Zanoni eBook

This eBook from the Gutenberg Project consists of approximately 456 pages of information about Zanoni.

The poor old woman uttered an exclamation of joy on seeing him; but, to their mutual disappointment, neither had any cheerful tidings or satisfactory explanation to afford the other.  Gionetta had been aroused from her slumber the night before by the noise in the rooms below; but ere she could muster courage to descend, Viola was gone!  She found the marks of violence on the door without; and all she had since been able to learn in the neighbourhood was, that a Lazzarone, from his nocturnal resting-place on the Chiaja, had seen by the moonlight a carriage, which he recognised as belonging to the Prince di —­, pass and repass that road about the first hour of morning.  Glyndon, on gathering from the confused words and broken sobs of the old nurse the heads of this account, abruptly left her, and repaired to the palace of Zanoni.  There he was informed that the signor was gone to the banquet of the Prince di —­, and would not return till late.  Glyndon stood motionless with perplexity and dismay; he knew not what to believe, or how to act.  Even Mervale was not at hand to advise him.  His conscience smote him bitterly.  He had had the power to save the woman he had loved, and had foregone that power; but how was it that in this Zanoni himself had failed?  How was it that he was gone to the very banquet of the ravisher?  Could Zanoni be aware of what had passed?  If not, should he lose a moment in apprising him?  Though mentally irresolute, no man was more physically brave.  He would repair at once to the palace of the prince himself; and if Zanoni failed in the trust he had half-appeared to arrogate, he, the humble foreigner, would demand the captive of fraud and force, in the very halls and before the assembled guests of the Prince di —.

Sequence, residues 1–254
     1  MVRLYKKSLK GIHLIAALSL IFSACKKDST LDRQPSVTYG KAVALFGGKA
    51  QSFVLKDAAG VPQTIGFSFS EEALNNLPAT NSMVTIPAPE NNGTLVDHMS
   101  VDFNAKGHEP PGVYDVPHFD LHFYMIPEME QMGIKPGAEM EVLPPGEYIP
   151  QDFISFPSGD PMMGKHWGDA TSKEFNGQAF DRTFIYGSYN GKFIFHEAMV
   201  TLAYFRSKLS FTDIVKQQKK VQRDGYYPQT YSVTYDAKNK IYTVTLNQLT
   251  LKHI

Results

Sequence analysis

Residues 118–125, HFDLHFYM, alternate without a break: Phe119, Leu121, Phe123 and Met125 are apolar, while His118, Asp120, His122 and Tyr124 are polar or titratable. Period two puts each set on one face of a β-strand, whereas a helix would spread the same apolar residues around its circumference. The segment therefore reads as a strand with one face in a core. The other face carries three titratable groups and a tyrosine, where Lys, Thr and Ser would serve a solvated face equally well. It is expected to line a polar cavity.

CHAPTER 3.XVI.

     Ardua vallatur duris sapientia scrupis. 
     Hadr.  Jun., “Emblem.” xxxvii.

     (Lofty wisdom is circled round with rugged rocks.)

We must go back some hours in the progress of this narrative.  It was the first faint and gradual break of the summer dawn; and two men stood in a balcony overhanging a garden fragrant with the scents of the awakening flowers.  The stars had not yet left the sky,—­the birds were yet silent on the boughs:  all was still, hushed, and tranquil; but how different the tranquillity of reviving day from the solemn repose of night!  In the music of silence there are a thousand variations.  These men, who alone seemed awake in Naples, were Zanoni and the mysterious stranger who had but an hour or two ago startled the Prince di —­ in his voluptuous palace.

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